AALBC, participation for me is personal, not economical; offering me insight into in the State of African American affairs level of interest in African American interest in Black literary and related information. As an organization, I believe it can be vital importance to our community. But like any business endeavor, we must continue to explore how to fulfill the need of our community (already there) that attracts Black consumers seeking information; also like any business endeavor, this is a  creative process.

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To me, this advocacy harks back to Booker T. Washington who made white people extremely happy by supporting the idea that blacks should restrict their aspirations to excelling at manual labor, and the tilling of the soil. 

 

The narrative was full of generalities, and sins of omission; there's a great black middle-class out there whose members are staying afloat.  Not all recent black college grads are working at MacDonalds.  And it begs the question as to whether a black college graduate is better equipped to survive in a diverse, high-tech, competitive economy than a high school graduate or drop-out, the latter of whom are doomed to working the welfare system, or toiling at minimum wage jobs or engaging in lucrative criminal activity. Plus, just because you are not of college caliber, doesn't guarantee that you and your "uneducated" self will excel in some other venture that will pay well. Of course there have always been successful, self-made entrepreneurs; exceptions to the rule because small businesses have a high rate of failure.   Everybody  agrees that college is not for everyone. But to imply that college is for no one, is counter-productive.  Furthermore, a person can be a literate, self-educated person.  I am not impressed by the idea of a well-trained black work force of ignorant people.  The mind is a terrible thing to waste.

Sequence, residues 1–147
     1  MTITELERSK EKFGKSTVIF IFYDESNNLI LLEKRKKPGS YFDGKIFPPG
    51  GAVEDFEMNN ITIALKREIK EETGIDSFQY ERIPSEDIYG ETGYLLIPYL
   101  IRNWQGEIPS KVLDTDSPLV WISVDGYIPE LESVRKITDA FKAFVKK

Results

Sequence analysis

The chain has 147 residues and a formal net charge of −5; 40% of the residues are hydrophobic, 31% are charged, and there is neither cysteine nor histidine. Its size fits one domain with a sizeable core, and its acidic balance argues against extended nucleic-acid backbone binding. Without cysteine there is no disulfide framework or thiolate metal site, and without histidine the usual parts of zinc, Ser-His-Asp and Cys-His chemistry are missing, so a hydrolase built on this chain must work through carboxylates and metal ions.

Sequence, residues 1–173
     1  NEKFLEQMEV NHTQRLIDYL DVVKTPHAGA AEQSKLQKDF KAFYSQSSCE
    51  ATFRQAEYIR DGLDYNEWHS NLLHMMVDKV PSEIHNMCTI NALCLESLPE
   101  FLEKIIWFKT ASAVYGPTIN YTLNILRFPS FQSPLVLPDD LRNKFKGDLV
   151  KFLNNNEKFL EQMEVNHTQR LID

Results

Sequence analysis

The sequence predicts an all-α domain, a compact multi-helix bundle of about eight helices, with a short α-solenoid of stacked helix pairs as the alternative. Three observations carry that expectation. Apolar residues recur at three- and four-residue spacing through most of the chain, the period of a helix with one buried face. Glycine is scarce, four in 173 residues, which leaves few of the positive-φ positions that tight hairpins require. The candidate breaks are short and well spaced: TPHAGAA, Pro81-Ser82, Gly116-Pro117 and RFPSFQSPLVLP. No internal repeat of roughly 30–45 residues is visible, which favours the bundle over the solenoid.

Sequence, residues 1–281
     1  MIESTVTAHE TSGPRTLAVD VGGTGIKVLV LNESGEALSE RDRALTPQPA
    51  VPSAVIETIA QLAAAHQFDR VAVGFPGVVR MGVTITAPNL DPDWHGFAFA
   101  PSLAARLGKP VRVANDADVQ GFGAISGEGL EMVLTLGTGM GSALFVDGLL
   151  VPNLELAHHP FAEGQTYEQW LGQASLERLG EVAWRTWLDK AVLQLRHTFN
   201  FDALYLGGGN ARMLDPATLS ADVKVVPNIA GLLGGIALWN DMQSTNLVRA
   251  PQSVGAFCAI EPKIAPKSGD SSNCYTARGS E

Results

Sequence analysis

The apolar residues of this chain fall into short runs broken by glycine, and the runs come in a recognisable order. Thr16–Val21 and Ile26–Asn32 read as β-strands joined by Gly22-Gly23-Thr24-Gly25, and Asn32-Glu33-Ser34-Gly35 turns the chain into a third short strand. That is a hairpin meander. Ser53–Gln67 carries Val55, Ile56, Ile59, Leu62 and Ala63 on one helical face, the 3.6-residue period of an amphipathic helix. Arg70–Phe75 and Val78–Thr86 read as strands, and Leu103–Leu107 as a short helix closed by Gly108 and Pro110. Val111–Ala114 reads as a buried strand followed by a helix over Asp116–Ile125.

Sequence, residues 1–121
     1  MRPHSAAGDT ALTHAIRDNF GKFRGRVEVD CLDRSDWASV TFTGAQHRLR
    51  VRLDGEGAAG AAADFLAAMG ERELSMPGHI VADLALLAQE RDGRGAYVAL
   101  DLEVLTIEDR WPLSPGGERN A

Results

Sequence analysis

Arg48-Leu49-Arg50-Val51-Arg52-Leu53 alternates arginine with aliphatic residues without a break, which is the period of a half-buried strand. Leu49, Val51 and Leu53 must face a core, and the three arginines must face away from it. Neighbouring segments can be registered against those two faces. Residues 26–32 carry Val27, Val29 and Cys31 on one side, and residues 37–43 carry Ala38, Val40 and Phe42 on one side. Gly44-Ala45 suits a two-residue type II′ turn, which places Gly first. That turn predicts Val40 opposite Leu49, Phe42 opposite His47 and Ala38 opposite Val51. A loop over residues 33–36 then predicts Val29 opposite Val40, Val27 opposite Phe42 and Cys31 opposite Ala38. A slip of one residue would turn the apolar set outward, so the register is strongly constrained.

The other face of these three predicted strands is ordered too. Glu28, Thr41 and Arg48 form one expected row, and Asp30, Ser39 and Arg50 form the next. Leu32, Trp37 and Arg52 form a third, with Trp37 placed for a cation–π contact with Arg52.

This is a lecture that's all about "thinking outside the box", the rhetoric of a visionary who inspires nothing but pessimism when he acknowledges the obstacles involved in being unorthodox. The speaker is the antithesis of his ideas about information being  preferable to education because the information he doled out was tainted and tentative, and what made the most sense was the historical references which were the result of him being an educated person.

 

Everybody has a point of view and a theory, and they're entitled to it.  The speaker does a competent job of outlining solutions to the problems that he has conjured up. 

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Troy

I think one of the biggest reasons so many wealthy Black people DO NOT support eachother is because the fear pissing off their White benefactors.

I've seen this even among some of the well to do AfroAmericans in my community.

Most Blacks of wealth aren't generating their wealth on their own, they're getting it FROM White people to perform a service.
And they're afraid that if they unite with other Black people and their White support sees this.....it may "spook" them into fearing some sort of Black uprise and cause them to yank their support away.
So they figure it's best to stay away from eachother and

 

 

I also recognize the world has moved on to "diversity." which basically means everyone except healthy, heterosexual, white men.